In the world of competition between products and organizations, zero-downtime deployments are a key requirement for any deployment process. The idea is to avoid interruption of user experience while upgrading system services. A popular mechanism to have zero downtime is rolling upgrade.

To do rolling upgrade, there are instances (or nodes) of service are running in the old version, continuing to serve clients. And the new version of the service is deployed on some instances and starts serving requests. And if everything is fine on these upgraded nodes, they will be upgraded step by step until finishing all instances.

This is a great technique to keep service available. However, it introduces a problem, there are maybe instances with the old version of the service read and write data to the new schema database. These actions can be failed, let consider the following mapping table:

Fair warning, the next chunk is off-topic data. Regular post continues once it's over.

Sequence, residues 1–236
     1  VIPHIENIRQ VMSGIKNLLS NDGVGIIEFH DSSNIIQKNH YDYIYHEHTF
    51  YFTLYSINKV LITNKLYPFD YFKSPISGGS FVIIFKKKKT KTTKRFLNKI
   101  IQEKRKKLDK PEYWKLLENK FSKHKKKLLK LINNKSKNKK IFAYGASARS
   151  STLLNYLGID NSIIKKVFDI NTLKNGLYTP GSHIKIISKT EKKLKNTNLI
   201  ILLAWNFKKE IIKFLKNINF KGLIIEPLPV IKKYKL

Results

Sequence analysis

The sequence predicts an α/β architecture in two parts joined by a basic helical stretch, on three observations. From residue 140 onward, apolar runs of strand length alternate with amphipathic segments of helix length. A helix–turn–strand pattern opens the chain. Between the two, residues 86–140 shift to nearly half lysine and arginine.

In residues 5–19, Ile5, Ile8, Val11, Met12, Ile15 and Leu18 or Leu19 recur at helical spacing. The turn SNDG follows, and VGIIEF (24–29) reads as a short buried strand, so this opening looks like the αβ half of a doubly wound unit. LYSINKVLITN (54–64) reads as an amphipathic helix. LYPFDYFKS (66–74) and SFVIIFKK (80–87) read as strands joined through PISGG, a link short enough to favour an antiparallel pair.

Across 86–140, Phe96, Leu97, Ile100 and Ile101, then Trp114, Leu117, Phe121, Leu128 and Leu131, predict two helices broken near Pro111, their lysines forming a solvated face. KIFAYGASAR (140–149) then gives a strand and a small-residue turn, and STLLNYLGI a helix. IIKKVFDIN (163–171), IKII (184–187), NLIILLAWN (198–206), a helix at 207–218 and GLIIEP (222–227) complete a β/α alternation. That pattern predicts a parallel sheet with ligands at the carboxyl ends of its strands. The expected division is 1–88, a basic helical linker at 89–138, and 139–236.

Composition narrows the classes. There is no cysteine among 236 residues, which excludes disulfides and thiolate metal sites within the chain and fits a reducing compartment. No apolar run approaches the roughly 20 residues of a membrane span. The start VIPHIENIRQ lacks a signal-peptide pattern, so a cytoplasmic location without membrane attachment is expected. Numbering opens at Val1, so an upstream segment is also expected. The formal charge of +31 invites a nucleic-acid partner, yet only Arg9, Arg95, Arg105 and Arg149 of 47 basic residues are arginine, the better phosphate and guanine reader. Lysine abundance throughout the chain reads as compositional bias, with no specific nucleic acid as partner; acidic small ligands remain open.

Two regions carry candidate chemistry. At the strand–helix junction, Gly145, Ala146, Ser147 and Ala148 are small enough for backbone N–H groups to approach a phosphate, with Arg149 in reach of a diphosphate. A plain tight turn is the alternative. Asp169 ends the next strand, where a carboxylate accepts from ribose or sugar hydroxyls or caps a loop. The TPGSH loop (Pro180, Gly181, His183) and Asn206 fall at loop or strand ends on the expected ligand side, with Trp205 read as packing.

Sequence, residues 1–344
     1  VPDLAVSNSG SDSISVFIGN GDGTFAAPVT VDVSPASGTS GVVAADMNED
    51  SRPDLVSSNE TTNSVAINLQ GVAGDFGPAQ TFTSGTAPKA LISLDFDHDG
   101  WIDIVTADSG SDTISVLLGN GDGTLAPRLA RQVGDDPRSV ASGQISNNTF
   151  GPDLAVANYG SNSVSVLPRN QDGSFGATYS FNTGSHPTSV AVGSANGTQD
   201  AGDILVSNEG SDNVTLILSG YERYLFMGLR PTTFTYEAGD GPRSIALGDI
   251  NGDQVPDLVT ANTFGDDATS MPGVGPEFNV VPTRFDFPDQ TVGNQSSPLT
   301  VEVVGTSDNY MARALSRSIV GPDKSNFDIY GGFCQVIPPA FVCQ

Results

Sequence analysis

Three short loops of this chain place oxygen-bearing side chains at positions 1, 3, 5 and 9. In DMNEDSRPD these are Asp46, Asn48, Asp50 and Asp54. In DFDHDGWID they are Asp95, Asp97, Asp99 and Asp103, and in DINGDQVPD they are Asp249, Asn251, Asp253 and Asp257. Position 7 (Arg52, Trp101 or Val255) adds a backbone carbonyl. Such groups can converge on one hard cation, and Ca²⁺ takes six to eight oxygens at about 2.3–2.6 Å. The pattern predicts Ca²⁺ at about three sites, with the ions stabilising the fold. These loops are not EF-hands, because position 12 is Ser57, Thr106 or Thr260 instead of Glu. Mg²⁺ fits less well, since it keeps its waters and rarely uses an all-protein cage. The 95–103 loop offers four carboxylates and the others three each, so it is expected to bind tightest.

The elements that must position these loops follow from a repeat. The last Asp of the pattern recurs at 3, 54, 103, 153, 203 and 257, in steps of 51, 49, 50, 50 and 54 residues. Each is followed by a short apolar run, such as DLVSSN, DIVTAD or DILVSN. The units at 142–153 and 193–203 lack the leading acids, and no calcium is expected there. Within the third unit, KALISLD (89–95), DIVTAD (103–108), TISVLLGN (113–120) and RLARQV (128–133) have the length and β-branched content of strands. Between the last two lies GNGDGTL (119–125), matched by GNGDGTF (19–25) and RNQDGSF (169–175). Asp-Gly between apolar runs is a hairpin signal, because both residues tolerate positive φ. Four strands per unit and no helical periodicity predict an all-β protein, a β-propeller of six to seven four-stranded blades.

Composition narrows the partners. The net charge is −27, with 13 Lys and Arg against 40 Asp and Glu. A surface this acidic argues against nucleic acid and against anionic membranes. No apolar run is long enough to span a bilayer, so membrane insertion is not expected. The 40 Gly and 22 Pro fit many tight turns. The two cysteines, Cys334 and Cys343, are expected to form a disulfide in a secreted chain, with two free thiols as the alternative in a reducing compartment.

Operation\Type of changeAdd attributesRemove attributes
  • If old code reads new schema with added attributes, then it will ignore and continue to work as it is
  • If old code reads new schema with removed attributes, then it probably fails because it expects the removed fields presented in the old schema
  • If old code writes new schema with added attributes, then it can ignore or fail:
    • If added attributes aren't required or the new schema sets the default values, then the old code can ignore and save the data. But be careful with losing data
    • If added attributes are required to save and there are no default values in the new schema for them, then the write operator is failed
  • If old code writes removed attributes, then it fails